In 2015, Europe was the epicenter of the global bond sell-off during the second quarter. So far in 2016, a similar pattern is not developing and suggests extrapolating a similar sell-off is premature.

Aggressive rate cuts by central banks globally since the middle of 2015 and the growth in the amount of negative yielding government bonds could once again lend support to U.S. Treasuries and avoid a repeat of the second quarter 2015 sell-off. Treasury yields remain among the highest developed country bond yields and continue to benefit from strong overseas demand, which should limit, or slow, any rise in yields.

On the flip side, a key catalyst for a reversal in the global bond sell-off in 2015 was a renewed decline in oil prices. Although renewed oil weakness could once again be a source of strength for bonds, the price is starting from a much lower base level. Furthermore, supply and demand are much better aligned today than at the start of the year, which indicates a similar oil shock is possible but unlikely in 2016. This suggests oil may be a headwind for bonds rather than a catalyst for a reversal.


The U.S. bond market may continue to trade cautiously, but the start of a sharp bond sell-off similar to the second quarter of 2015 is unlikely to take hold in our view. Europe, a key driver of last year’s weakness, has witnessed aggressive policy action but still sluggish growth, causing investors to question the effectiveness of bold policy. A knee-jerk jump in yields seems unlikely unless confirmed by a substantial improvement in economic data. Aggressive monetary policy overseas and the increase in the amount of bonds with negative bond yields has helped keep demand for U.S. bonds elevated. The favorable demand backdrop for U.S. bonds should limit the potential rise in yields.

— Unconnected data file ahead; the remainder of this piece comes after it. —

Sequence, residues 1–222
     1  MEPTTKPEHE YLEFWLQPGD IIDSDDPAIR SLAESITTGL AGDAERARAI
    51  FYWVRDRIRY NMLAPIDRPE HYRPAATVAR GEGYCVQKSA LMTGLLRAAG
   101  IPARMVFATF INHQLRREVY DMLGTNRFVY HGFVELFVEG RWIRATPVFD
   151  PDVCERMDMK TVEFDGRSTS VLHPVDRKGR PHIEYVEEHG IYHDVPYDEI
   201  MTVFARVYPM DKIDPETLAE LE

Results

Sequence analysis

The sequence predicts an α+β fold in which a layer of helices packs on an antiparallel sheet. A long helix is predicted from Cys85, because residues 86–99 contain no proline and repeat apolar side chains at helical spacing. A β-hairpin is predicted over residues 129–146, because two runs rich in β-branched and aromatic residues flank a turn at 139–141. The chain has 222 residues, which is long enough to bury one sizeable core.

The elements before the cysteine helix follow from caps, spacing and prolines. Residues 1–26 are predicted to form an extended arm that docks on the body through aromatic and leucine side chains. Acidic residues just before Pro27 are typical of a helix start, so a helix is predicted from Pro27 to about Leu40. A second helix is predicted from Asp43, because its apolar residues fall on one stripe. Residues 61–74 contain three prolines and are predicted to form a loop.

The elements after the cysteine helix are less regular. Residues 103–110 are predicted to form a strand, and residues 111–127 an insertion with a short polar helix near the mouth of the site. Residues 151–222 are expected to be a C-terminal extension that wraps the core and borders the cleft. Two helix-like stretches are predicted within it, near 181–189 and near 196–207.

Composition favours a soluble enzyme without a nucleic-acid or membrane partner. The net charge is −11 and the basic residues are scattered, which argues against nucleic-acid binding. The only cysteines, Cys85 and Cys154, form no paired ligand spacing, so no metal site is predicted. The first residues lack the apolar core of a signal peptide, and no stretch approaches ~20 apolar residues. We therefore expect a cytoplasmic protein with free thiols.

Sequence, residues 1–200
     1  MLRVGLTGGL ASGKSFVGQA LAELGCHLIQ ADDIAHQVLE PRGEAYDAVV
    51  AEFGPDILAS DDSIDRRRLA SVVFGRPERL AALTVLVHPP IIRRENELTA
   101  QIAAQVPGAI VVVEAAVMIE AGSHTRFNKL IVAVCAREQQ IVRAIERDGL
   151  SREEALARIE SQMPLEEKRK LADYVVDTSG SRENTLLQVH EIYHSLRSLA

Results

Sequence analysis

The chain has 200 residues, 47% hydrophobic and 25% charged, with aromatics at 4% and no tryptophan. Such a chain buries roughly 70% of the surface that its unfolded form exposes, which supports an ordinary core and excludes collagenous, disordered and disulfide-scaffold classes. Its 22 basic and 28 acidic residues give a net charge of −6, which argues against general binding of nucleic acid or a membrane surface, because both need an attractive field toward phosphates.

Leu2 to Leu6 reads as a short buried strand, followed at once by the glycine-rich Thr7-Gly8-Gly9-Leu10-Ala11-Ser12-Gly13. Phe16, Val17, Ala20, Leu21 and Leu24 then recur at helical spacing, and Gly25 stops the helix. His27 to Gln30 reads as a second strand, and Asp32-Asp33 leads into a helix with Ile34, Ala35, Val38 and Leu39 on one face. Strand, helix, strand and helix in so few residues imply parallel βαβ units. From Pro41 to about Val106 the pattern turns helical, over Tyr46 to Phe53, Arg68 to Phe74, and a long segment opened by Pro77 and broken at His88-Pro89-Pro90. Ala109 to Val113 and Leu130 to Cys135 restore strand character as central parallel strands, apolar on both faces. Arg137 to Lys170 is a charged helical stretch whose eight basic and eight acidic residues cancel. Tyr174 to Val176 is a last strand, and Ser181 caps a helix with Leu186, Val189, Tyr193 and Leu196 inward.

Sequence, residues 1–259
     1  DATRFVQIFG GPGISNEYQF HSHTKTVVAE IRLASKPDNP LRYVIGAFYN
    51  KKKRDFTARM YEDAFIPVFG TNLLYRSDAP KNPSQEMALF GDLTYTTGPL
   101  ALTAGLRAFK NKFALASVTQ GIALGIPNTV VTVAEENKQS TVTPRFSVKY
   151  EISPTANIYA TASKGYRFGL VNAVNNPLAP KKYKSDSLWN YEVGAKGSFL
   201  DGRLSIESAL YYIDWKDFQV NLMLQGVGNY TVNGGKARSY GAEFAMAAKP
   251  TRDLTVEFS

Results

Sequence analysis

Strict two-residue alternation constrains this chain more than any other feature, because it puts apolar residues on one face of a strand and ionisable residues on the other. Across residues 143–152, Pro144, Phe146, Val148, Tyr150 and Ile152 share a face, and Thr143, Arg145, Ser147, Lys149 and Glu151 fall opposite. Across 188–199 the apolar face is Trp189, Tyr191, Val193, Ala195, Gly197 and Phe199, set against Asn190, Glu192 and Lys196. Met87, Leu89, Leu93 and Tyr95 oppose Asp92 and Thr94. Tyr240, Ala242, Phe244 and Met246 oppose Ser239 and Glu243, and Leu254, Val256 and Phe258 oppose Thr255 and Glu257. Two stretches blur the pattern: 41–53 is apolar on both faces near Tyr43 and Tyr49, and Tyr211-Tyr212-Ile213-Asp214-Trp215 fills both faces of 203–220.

Finally, the message from the U.S. bond market has remained unchanged in the days after the release of the April FOMC meeting minutes—rate hikes pose a risk to growth. The yield curve, as measured by the yield differential between 2-year and 10-year or 30-year Treasury yields, has continued to flatten. Fed risks may maintain pressure on high-quality bond prices but we do not expect a repeat of the 2015 bond market sell-off that saw the 10-year Treasury yield rise by 0.6% in just over two months.


The opinions voiced in this material are for general information only and are not intended to provide specific advice or recommendations for any individual. To determine which investment(s) may be appropriate for you, consult your financial advisor prior to investing. All performance reference is historical and is no guarantee of future results. All indexes are unmanaged and cannot be invested into directly.

The economic forecasts set forth in the presentation may not develop as predicted and there can be no guarantee that strategies promoted will be successful.

Bonds are subject to market and interest rate risk if sold prior to maturity. Bond values and yields will decline as interest rates rise, and bonds are subject to availability and change in price.